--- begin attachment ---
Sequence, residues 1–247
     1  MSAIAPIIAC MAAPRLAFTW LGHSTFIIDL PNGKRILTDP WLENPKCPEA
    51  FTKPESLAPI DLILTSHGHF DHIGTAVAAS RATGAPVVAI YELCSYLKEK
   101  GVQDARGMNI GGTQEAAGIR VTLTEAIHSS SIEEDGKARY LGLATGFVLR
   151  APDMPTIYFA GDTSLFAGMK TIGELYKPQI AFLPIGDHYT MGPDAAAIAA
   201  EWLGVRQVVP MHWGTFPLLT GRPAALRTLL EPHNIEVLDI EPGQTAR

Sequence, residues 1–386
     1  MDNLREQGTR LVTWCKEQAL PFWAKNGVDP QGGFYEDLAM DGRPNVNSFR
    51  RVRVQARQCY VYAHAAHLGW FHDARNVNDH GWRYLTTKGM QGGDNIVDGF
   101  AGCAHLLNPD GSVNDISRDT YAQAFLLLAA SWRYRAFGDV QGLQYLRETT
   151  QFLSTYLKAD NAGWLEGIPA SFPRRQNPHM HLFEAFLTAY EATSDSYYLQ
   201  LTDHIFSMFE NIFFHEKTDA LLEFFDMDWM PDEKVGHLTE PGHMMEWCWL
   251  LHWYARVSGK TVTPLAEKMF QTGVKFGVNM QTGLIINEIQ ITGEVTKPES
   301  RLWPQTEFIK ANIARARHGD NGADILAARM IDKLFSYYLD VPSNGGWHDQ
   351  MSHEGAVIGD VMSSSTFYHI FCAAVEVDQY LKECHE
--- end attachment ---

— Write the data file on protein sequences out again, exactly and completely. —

Sequence, residues 1–247
     1  MSAIAPIIAC MAAPRLAFTW LGHSTFIIDL PNGKRILTDP WLENPKCPEA
    51  FTKPESLAPI DLILTSHGHF DHIGTAVAAS RATGAPVVAI YELCSYLKEK
   101  GVQDARGMNI GGTQEAAGIR VTLTEAIHSS SIEEDGKARY LGLATGFVLR
   151  APDMPTIYFA GDTSLFAGMK TIGELYKPQI AFLPIGDHYT MGPDAAAIAA
   201  EWLGVRQVVP MHWGTFPLLT GRPAALRTLL EPHNIEVLDI EPGQTAR

Sequence, residues 1–386
     1  MDNLREQGTR LVTWCKEQAL PFWAKNGVDP QGGFYEDLAM DGRPNVNSFR
    51  RVRVQARQCY VYAHAAHLGW FHDARNVNDH GWRYLTTKGM QGGDNIVDGF
   101  AGCAHLLNPD GSVNDISRDT YAQAFLLLAA SWRYRAFGDV QGLQYLRETT
   151  QFLSTYLKAD NAGWLEGIPA SFPRRQNPHM HLFEAFLTAY EATSDSYYLQ
   201  LTDHIFSMFE NIFFHEKTDA LLEFFDMDWM PDEKVGHLTE PGHMMEWCWL
   251  LHWYARVSGK TVTPLAEKMF QTGVKFGVNM QTGLIINEIQ ITGEVTKPES
   301  RLWPQTEFIK ANIARARHGD NGADILAARM IDKLFSYYLD VPSNGGWHDQ
   351  MSHEGAVIGD VMSSSTFYHI FCAAVEVDQY LKECHE